The Effects Of The Watergate Scandal Of 1972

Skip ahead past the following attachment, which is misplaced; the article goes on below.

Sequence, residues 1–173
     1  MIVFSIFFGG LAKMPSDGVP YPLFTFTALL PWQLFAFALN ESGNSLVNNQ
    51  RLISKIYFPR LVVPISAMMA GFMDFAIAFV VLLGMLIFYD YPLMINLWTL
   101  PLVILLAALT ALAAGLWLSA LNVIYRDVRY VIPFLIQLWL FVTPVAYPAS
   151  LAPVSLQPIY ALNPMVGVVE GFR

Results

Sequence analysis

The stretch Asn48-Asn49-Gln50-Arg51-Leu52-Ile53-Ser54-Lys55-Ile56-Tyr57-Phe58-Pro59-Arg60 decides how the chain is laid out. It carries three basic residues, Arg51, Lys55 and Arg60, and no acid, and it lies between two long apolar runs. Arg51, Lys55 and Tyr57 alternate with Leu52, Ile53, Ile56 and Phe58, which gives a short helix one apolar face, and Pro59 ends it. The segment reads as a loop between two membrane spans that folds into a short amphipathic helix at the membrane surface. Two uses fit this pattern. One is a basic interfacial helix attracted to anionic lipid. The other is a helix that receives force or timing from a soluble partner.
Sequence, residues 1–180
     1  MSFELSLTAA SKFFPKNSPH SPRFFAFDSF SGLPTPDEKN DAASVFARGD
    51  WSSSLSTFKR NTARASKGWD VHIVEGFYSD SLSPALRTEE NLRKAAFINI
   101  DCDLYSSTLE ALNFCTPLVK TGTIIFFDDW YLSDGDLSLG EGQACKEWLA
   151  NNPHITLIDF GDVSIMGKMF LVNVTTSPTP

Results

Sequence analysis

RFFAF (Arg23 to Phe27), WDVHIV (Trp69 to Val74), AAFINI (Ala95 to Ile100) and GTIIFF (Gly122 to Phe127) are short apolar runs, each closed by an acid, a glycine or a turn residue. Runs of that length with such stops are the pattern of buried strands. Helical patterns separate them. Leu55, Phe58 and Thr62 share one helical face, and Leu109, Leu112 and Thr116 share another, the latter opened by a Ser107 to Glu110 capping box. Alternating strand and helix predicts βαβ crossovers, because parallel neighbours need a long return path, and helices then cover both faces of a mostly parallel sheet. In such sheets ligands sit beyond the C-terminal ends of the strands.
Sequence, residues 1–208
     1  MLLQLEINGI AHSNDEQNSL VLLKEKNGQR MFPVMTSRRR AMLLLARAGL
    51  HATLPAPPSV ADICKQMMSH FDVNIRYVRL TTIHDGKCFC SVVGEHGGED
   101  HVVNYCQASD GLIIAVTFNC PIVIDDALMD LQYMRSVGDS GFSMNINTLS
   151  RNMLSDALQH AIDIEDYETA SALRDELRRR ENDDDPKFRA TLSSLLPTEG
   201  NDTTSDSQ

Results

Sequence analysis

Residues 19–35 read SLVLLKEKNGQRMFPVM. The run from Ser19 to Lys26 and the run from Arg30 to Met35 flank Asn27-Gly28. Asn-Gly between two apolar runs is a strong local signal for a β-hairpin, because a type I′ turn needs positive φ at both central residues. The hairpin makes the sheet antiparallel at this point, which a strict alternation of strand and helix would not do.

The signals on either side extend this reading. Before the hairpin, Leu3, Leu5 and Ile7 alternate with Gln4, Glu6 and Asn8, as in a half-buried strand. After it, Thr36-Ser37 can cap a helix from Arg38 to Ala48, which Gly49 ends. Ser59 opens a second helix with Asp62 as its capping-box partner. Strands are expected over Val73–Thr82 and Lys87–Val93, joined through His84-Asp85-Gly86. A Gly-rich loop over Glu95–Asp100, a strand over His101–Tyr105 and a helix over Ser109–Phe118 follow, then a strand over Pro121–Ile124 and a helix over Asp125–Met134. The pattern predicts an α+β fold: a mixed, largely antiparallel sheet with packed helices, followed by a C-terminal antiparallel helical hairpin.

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Some events in history have the power to linger over a nation and affect the world for years, the Watergate Scandal of 1972 is one of them. The events that occurred on the morning of June 17, 1972 would have effects on American life and politics for years to come and ultimately lead to the downfall of President Richard Nixon. The Watergate Scandal has proven to have had monumental effects on the political culture of America. Although Nixon eventually resigned on August 9, 1974, the national nightmare was not nearly over. Ever since the diminishment of Nixon’s presidency: politics have irrevocably lost its innocence, Americans have lost faith and trust in the government, and media has become more aggressive with the evolution of journalism. The so called “third-rate burglary attempt” transpired on the morning of June 17, 1972. At this time Republican President Richard M. Nixon was running for reelection and the United States was embroiled in the Vietnam War. On that memorable day, five men broke into the Democratic National Committee headquarters in the Watergate Hotel in Washington, D.C.. Consequently, those men were arrested for trying to bug and steal documents. Optimistic voters believed there was no link between the president and the burglars and Nixon was reelected. Initial investigations were heavily influenced by the media, particularly through the works of Washington Post reporters Bob Woodward and Carl Bernstein and their mysterious source “Deep Throat”. During
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